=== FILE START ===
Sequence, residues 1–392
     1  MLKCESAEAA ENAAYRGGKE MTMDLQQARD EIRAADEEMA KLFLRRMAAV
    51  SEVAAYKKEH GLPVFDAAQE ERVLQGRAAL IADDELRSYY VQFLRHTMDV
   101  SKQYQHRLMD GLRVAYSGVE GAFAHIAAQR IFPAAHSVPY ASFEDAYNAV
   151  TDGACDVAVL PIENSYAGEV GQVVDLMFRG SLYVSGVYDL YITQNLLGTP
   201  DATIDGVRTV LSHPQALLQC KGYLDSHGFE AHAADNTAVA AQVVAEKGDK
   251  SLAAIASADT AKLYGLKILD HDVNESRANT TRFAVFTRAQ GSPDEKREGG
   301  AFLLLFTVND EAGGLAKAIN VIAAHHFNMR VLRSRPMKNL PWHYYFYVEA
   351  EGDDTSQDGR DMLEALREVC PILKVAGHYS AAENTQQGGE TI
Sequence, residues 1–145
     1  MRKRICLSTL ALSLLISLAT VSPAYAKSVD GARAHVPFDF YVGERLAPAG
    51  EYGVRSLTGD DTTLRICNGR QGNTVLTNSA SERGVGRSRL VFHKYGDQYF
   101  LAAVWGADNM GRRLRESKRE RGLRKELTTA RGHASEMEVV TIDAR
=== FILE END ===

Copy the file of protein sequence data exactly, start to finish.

Sequence, residues 1–392
     1  MLKCESAEAA ENAAYRGGKE MTMDLQQARD EIRAADEEMA KLFLRRMAAV
    51  SEVAAYKKEH GLPVFDAAQE ERVLQGRAAL IADDELRSYY VQFLRHTMDV
   101  SKQYQHRLMD GLRVAYSGVE GAFAHIAAQR IFPAAHSVPY ASFEDAYNAV
   151  TDGACDVAVL PIENSYAGEV GQVVDLMFRG SLYVSGVYDL YITQNLLGTP
   201  DATIDGVRTV LSHPQALLQC KGYLDSHGFE AHAADNTAVA AQVVAEKGDK
   251  SLAAIASADT AKLYGLKILD HDVNESRANT TRFAVFTRAQ GSPDEKREGG
   301  AFLLLFTVND EAGGLAKAIN VIAAHHFNMR VLRSRPMKNL PWHYYFYVEA
   351  EGDDTSQDGR DMLEALREVC PILKVAGHYS AAENTQQGGE TI
Sequence, residues 1–145
     1  MRKRICLSTL ALSLLISLAT VSPAYAKSVD GARAHVPFDF YVGERLAPAG
    51  EYGVRSLTGD DTTLRICNGR QGNTVLTNSA SERGVGRSRL VFHKYGDQYF
   101  LAAVWGADNM GRRLRESKRE RGLRKELTTA RGHASEMEVV TIDAR